Curcumin Inhibits Osteoclasts in Mouse Cells


Curcumin (diferuloylmethane) inhibits receptor activator of NF-kappa B ligand-induced NF-kappa B activation in osteoclast precursors and suppresses osteoclastogenesis.

Numerous studies have indicated that inflammatory cytokines play a major role in osteoclastogenesis, leading to the bone resorption that is frequently associated with cancers and other diseases. Gene deletion studies have shown that receptor activator of NF-kappaB ligand (RANKL) is one of the critical mediators of osteoclastogenesis. How RANKL mediates osteoclastogenesis is not fully understood, but an agent that suppresses RANKL signaling has potential to inhibit osteoclastogenesis. In this report, we examine the ability of curcumin (diferuloylmethane), a pigment derived from turmeric, to suppress RANKL signaling and osteoclastogenesis in RAW 264.7 cells, a murine monocytic cell line. Treatment of these cells with RANKL activated NF-kappaB, and preexposure of the cells to curcumin completely suppressed RANKL-induced NF-kappaB activation. Curcumin inhibited the pathway leading from activation of IkappaBalpha kinase and IkappaBalpha phosphorylation to IkappaBalpha degradation. RANKL induced osteoclastogenesis in these monocytic cells, and curcumin inhibited both RANKL- and TNF-induced osteoclastogenesis and pit formation. Curcumin suppressed osteoclastogenesis maximally when added together with RANKL and minimally when it was added 2 days after RANKL. Whether curcumin inhibits RANKL-induced osteoclastogenesis through suppression of NF-kappaB was also confirmed independently, as RANKL failed to activate NF-kappaB in cells stably transfected with a dominant-negative form of IkappaBalpha and concurrently failed to induce osteoclastogenesis. Thus overall these results indicate that RANKL induces osteoclastogenesis through the activation of NF-kappaB, and treatment with curcumin inhibits both the NF-kappaB activation and osteoclastogenesis induced by RANKL.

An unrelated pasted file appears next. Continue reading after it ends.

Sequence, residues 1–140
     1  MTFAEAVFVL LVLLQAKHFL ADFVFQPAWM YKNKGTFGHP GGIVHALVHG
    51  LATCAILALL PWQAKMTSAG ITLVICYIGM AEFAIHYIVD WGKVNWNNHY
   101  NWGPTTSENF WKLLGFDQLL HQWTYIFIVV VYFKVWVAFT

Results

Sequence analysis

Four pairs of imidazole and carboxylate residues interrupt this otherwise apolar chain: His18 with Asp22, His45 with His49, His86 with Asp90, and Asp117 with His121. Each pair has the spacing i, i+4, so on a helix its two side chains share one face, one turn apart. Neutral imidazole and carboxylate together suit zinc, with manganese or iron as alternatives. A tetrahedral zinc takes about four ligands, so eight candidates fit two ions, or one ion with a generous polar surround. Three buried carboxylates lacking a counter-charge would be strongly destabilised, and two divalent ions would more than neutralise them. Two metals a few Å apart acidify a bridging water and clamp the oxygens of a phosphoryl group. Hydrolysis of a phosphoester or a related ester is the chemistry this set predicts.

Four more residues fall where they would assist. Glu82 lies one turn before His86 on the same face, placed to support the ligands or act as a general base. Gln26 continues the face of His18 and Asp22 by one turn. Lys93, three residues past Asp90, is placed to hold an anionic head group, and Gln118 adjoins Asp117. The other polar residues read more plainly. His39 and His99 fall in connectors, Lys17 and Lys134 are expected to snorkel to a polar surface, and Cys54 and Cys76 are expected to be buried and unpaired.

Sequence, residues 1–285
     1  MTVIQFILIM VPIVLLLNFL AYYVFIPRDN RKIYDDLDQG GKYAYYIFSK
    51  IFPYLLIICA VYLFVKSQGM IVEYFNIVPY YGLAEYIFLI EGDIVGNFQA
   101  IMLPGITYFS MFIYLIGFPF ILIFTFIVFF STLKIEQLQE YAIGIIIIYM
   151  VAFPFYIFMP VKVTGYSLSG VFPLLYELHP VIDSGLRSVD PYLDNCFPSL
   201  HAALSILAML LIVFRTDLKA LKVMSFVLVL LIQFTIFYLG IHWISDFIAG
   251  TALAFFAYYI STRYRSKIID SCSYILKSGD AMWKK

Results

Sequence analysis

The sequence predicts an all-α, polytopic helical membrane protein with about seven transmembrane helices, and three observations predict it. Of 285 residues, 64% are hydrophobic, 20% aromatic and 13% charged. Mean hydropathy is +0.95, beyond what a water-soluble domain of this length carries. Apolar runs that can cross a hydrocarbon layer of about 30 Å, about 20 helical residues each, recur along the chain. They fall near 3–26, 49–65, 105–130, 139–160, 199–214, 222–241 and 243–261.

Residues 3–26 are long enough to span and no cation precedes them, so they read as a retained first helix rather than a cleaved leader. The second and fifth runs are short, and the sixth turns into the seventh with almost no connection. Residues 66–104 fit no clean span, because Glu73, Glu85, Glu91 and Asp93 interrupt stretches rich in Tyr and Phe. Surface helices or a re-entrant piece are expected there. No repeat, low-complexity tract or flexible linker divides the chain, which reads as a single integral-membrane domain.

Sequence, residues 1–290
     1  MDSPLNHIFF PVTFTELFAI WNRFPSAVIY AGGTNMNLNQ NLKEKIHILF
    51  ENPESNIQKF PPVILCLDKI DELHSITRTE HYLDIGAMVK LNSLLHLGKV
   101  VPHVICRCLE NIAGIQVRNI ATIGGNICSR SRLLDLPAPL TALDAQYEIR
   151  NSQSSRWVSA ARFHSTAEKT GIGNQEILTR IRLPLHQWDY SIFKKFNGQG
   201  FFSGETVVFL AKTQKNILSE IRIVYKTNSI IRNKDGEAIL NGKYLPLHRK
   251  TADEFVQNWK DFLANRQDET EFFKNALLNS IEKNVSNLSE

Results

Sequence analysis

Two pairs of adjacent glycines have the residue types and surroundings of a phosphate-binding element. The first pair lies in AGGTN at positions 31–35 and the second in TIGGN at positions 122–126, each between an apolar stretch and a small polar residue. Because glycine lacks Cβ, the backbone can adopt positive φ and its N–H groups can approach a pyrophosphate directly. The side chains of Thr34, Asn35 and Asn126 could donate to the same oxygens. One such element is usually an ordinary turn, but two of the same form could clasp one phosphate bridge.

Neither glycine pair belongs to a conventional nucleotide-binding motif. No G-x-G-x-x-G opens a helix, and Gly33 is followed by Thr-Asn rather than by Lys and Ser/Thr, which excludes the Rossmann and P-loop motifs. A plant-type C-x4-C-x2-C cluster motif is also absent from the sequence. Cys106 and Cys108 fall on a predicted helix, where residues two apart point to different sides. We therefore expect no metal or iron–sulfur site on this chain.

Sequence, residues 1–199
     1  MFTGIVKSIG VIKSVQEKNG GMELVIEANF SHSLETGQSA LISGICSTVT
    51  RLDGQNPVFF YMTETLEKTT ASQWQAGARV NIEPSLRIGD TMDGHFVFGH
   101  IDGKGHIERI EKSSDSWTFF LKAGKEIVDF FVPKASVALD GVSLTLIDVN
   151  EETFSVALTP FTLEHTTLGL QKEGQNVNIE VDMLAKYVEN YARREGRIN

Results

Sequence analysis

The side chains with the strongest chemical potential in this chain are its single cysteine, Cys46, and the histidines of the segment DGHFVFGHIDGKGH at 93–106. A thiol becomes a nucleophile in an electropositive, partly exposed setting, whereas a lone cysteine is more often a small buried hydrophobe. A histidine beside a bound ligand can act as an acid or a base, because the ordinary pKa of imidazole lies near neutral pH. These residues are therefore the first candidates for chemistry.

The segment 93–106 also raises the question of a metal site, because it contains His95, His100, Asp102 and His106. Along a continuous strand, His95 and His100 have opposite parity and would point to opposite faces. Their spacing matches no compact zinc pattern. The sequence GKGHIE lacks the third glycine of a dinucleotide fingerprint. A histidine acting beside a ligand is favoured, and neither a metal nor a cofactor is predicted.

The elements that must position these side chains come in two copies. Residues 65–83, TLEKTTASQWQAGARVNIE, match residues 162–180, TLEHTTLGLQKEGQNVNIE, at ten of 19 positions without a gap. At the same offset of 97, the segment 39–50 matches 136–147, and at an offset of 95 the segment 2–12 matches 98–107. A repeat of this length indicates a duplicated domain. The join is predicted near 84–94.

Bharti AC, Takada Y, Aggarwal BB
J. Immunol. May 2004
PMID: 15128775 | Free Full Text